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The Fall of Glenn Beck: How an Imaginative Boycott Stripped the Right-Wing Screamer of Sponsors and What We Can Learn from Its Success

Commentators have been downplaying the role of a Color of Change campaign against Beck. They are wrong. Beck is gone. Give the boycotters their due.

[Cross-posted from the  "Arguing the World" blog at Dissent magazine.]

Thursday, June 30 was Glenn Beck’s  last day on Fox News. Needless to say, this is cause for celebration.

One can find a variety of explanations for his departure. Observers invariably  note Beck’s declining ratings. (According to the  New Republic , his  viewership fell “from an average of 2.9 million in January 2010 to 1.8 million in January 2011.”) Some also cite political reasons for him and Fox splitting ways. Hendrik Hertzberg speculated at the  New Yorker  that Beck was  bad for morale at the network because he became an embarrassment for those on staff who consider themselves “news professionals.” More recently, Leslie Savan  argued at the  Nation that Beck was expendable because “he’s served his purpose for Fox and its subsidiary, the Republican Party.” Once the backlash against Obama was well underway and more respectable faces of extreme conservatism were in power–folks like Paul Ryan and Scott Walker–Beck was no longer needed.

These things may have been part of the story. But, if we’re handing out credit, I think we need to take time to recognize the innovative and relentless boycott that set out to strip Glenn Beck of his sponsors. The boycott was amazingly effective at doing just that–ultimately convincing several hundred corporations (including major names such as  Wal-Mart, GEICO, and  Procter & Gamble) to agree not to advertise on his show.

The online advocacy group  ColorOfChange.org first launched the boycott in August 2009, after Beck stated that President Obama was a racist with a “deep-seated hatred for white people or the white culture.” Following this, the activists did a great job of documenting the crazy and offensive things that Beck would say, and then presenting advertisers with the evidence. They got  285,000 people to sign a petition to Beck’s sponsors, and they used online tools to transmit people’s concerns to the targeted corporations. Advertisers, generally averse to controversy, left in droves.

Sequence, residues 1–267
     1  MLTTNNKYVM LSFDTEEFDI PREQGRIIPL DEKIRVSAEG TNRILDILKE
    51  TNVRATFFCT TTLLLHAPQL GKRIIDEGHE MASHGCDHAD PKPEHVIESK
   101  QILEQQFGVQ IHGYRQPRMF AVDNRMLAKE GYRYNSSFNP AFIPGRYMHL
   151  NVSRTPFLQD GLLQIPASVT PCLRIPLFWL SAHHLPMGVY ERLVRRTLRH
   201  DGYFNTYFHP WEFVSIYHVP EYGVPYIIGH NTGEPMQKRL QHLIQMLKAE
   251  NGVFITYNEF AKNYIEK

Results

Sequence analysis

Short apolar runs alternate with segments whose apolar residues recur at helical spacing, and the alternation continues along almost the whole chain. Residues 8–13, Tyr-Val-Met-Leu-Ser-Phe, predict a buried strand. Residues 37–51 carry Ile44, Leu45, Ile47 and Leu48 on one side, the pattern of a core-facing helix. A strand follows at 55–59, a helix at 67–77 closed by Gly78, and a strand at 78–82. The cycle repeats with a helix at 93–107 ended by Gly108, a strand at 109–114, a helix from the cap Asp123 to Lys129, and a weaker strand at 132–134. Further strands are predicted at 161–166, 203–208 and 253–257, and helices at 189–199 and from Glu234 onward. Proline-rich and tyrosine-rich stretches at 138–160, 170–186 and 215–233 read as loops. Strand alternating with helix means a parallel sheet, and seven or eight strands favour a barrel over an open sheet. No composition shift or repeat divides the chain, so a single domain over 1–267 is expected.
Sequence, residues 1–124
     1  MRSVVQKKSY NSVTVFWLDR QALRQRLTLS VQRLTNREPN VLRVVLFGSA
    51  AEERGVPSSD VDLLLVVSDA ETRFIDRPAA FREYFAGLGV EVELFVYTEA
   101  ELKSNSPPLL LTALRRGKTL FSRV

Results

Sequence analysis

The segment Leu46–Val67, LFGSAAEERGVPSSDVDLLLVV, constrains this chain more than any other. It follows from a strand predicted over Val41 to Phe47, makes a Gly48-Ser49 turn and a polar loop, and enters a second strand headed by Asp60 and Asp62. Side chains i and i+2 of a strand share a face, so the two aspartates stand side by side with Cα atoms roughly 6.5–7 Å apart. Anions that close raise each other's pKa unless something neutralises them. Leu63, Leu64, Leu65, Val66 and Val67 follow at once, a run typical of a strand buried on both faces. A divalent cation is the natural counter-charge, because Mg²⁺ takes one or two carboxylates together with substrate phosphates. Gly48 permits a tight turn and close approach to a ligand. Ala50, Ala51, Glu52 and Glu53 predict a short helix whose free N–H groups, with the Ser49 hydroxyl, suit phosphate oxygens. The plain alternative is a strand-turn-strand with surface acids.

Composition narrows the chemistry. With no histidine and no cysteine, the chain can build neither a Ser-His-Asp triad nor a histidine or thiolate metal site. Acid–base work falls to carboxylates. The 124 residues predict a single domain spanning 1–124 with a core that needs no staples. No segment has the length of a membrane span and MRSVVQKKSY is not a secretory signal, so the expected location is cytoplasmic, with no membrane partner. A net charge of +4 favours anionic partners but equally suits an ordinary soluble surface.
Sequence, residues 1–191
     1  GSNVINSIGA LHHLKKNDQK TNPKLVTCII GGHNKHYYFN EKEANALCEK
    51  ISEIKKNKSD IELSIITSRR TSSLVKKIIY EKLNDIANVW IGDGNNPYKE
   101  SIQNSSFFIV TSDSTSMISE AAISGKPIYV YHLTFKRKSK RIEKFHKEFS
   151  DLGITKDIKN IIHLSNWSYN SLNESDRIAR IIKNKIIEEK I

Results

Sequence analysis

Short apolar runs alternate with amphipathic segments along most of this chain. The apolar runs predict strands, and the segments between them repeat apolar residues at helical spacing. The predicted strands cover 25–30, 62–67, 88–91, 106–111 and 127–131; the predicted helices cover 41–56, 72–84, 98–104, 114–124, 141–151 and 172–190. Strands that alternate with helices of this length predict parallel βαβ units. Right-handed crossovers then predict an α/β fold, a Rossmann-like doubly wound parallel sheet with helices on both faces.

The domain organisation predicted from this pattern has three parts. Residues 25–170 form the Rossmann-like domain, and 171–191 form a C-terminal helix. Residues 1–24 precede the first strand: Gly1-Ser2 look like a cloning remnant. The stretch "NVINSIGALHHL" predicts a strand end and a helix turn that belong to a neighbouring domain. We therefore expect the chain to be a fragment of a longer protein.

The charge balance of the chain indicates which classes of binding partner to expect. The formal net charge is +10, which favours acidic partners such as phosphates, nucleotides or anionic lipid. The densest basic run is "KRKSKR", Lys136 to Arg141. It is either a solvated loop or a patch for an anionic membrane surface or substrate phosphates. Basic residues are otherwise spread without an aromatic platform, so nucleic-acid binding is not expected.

Fox News long denied that it was losing money. Its spokespeople  said to the New York Times  in August 2009, “The advertisers referenced have all moved their spots from Beck to other day parts on the network, so there has been no revenue lost.” However, the network’s logic does not hold up. James Rucker, Executive Director of ColorOfChange.org,  argued:

Fox News Channel has a limited amount of ad positions. If 62 companies [the number boycotting at the time of the statement] refuse to run ads on two of their 24 hours of programming, they are losing inventory. No matter how high Beck’s ratings have been lately, advertisers still see Beck as toxic and don’t want him associated with their brands. There is no way that Fox News Channel is making the money they should be making with Glenn Beck.

ColorOfChange.org crunched some numbers and estimated that the boycott was costing Fox News  more than $500,000 per week. Eric Boehlert at Media Matters offered this analysis:

The television industry is built around supply and demand. Glenn Beck has supply in the form of roughly 20 minutes of advertising time sold each episode. And it wants to build demand. Usually, healthy ratings drive that demand since advertisers want to reach the masses. But if suddenly hundreds of advertisers raise their hand and announce they’d be happy to spend money with Fox News, but not on Glenn Beck, then the show’s demand plummets, but the supply–the 20 minutes of advertising inventory–remains the same.

Bottom line? The ad rates go down….As Brad Adgate, director of research for the ad-buying giant Horizon Media, noted in an email to me yesterday: “Ad rates are predicated on supply and demand, not ratings. If the show has low demand and an oversupply of advertiser inventory, the show will not get premium ad pricing no matter how many viewers.”